Australia's tobacco policy fight is one of the biggest legal battles in public health, recently gaining new opposition from two top academic lawyers. The legal experts presented their arguments at the Graduate Institute in Geneva, in an effort to overturn Australia's cigarette packaging law enacted last year.

Since the law was introduced, cigarette packages have been required to be uniformly dark brown, decorated in health warnings, and labeled with a standardized small product font with no color or logos. The anti-smoking effort is part of the government's strategy to reduce smoking rates to 10 percent by 2018.

Almost 70 percent of adult smokers start smoking before they turn 18 and most try a cigarette by the age of 11, according to the American Lung Association. Among the reasons are peer pressure, parental smoking, rebelling, and advertising.

According to the Australian Bureau of Statistics' National Health Survey, nearly 17.5 percent of men ages 18 and older consider themselves daily smokers, while 14.5 percent of the populations are female daily smokers.

"Smoking is known to cause harm to nearly every organ and system of your body. Many medical conditions caused by smoking can result in not just death, but in living for years of suffering with disabling health problems," said Health Minister Tanya Plibersek. "We want to let people know the health dangers associated with smoking and help to prevent hundreds of thousands of Australians from suffering as a result of smoking related diseases."

Ukraine, Cuba, Honduras, and the Dominican Republic are trying to get rid of the radical tobacco packing law, and the defense arguments at the Geneva Institute are just around the corner from the World Trade Organization (WTO). Tobacco companies must win the battle if they want to stop the mounting anti-tobacco laws across the globe. The WTO says that if anti-tobacco efforts win, it will result in a "brave new world of tobacco control."

Leading expert on WTO disputes, Joost Pauwelyn, said that in order to determine if regulations are going too far, the trade disputes will be based on whether the Australian government is restricting trade too much in order to achieve health goals.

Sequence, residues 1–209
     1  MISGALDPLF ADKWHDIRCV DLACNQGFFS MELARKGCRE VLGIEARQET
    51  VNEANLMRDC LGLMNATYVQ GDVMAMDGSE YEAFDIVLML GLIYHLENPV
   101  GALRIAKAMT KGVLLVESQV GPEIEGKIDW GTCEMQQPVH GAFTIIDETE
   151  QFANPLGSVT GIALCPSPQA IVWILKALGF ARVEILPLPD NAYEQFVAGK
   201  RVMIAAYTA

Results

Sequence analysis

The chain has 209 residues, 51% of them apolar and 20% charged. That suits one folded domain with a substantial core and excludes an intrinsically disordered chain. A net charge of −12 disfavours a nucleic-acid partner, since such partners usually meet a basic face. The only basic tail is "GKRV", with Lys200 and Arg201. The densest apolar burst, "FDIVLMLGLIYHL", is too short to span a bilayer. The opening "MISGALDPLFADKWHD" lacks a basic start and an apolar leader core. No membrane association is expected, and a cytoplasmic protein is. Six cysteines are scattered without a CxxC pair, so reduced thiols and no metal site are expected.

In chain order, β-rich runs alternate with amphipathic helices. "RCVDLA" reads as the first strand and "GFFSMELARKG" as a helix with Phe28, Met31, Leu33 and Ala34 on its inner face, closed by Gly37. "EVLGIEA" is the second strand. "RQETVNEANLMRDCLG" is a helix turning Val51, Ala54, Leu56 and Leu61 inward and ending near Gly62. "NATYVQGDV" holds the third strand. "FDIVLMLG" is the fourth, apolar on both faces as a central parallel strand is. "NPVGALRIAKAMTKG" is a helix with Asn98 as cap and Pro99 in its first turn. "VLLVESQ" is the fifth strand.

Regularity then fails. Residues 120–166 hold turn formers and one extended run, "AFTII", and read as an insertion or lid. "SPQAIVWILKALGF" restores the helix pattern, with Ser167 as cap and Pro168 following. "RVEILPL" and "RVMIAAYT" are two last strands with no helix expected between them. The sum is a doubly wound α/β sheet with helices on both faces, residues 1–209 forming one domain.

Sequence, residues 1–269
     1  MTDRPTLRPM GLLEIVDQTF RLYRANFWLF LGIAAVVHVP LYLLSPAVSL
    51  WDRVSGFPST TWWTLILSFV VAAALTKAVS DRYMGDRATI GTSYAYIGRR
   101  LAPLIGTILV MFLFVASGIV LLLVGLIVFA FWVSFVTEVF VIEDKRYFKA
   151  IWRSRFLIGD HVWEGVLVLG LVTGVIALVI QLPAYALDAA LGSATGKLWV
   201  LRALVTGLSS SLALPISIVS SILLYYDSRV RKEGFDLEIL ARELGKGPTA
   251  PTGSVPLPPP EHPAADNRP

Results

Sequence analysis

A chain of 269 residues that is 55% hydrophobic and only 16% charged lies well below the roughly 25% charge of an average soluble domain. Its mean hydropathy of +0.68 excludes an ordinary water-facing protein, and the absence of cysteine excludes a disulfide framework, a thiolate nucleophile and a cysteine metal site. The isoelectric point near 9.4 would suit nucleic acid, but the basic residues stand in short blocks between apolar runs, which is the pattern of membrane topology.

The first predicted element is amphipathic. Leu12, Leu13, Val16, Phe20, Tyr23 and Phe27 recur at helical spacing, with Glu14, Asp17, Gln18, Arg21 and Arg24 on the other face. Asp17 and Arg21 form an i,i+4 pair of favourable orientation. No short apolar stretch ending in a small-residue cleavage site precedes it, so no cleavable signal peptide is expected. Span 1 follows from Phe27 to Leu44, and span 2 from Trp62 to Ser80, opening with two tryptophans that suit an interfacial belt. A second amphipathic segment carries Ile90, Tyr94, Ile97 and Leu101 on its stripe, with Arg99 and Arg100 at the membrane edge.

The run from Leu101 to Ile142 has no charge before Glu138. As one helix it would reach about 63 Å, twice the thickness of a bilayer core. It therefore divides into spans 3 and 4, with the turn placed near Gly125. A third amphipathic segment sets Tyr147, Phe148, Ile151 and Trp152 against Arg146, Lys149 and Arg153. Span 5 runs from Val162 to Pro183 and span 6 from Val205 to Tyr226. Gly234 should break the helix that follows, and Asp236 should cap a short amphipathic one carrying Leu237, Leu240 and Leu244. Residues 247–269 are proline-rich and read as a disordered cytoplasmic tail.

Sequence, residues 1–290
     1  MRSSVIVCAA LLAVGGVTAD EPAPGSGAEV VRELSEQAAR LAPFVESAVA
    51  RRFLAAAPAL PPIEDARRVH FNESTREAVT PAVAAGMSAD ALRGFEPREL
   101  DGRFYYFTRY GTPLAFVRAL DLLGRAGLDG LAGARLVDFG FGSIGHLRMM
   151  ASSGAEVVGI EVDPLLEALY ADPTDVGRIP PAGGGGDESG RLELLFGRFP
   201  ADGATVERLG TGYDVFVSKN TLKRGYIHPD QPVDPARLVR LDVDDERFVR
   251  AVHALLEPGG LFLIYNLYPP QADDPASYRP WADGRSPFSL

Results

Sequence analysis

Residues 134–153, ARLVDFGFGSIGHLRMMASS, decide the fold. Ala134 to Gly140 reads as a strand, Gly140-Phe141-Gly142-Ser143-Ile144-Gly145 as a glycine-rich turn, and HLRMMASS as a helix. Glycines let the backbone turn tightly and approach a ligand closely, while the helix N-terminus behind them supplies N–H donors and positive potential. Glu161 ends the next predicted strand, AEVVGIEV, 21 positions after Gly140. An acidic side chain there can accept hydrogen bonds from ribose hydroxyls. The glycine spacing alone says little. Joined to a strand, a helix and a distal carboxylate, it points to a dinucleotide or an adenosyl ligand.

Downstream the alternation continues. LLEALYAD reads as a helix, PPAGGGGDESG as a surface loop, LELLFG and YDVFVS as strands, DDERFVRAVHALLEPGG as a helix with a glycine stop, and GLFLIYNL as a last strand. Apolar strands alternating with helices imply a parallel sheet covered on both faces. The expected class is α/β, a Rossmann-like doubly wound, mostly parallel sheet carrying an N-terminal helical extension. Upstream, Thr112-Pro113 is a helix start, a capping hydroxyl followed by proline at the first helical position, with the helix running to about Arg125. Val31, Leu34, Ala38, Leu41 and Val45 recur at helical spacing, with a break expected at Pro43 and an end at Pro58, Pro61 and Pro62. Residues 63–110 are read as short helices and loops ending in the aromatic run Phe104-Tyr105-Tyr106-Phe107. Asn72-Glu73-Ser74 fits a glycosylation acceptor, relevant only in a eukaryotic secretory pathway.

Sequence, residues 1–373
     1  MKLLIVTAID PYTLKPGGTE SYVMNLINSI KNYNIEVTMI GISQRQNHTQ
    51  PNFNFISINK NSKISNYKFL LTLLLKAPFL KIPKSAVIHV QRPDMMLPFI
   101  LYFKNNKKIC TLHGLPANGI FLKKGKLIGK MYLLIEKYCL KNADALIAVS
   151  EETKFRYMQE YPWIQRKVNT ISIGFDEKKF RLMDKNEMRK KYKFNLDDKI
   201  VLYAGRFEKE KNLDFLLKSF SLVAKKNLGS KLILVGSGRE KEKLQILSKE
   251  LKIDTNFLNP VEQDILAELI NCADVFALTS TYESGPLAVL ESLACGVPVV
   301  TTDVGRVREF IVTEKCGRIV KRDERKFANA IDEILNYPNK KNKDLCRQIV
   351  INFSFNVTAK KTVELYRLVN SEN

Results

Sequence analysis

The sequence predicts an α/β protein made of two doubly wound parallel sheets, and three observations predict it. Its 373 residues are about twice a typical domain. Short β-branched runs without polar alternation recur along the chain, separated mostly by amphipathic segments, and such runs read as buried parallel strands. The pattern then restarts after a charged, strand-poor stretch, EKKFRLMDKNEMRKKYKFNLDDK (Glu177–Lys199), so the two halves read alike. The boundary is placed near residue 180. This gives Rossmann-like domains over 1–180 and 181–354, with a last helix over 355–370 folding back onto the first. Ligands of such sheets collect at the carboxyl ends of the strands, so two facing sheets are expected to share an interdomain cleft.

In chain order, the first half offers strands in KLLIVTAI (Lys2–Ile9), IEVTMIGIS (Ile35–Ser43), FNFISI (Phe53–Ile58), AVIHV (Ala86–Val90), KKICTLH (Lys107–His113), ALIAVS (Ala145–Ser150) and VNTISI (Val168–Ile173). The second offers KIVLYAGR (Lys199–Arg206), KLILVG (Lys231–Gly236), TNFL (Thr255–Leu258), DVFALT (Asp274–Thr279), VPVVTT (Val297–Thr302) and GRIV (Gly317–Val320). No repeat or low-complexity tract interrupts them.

According to the Centers for Disease Control and Prevention, smoking-related conditions include asthma, Buerger's disease, cancer, chronic obstructive pulmonary disease, diabetes, heart disease, and stroke — many of which can be fatal.

Australia has been seeing a gradual decline in the percentage of daily smokers. In 1977, the Bureau recorded that 36 percent of the adult population 18 years and older were smokers, while 43 percent were men and 29 percent were women.

Not only is there a difference in gender, but also of the Aboriginals and the non-indigenous Australians. The Australian Aboriginals lived alone on the continent for 50,000 years before they were discovered. Now, they make up less than three percent of the population, but of that three percent, almost half of the Aboriginals ages 14 and older smoke cigarettes, while only one-fifth of the non-Indigenous, non-native Australians smoke.

According to Minister Plibersek, tobacco smoking is the single largest cause of preventable premature death and disease in Australia. Each year, smoking-related deaths and diseases cost the Australian economy $3.5 billion.

The anti-smoking campaign began last month with television, radio, online and social media, and print ads, in addition to the smoking packages. The plain packaging laws were actually based on recommendations in the World Health Organization's 2005 Framework Convention on Tobacco Control.

"Do you really believe that this will stop young people starting to smoke? Will it make it easier for people to quit smoking? The trademark on the pack, is that something that starts people smoking?" Pauwelyn asked at the WTO defense.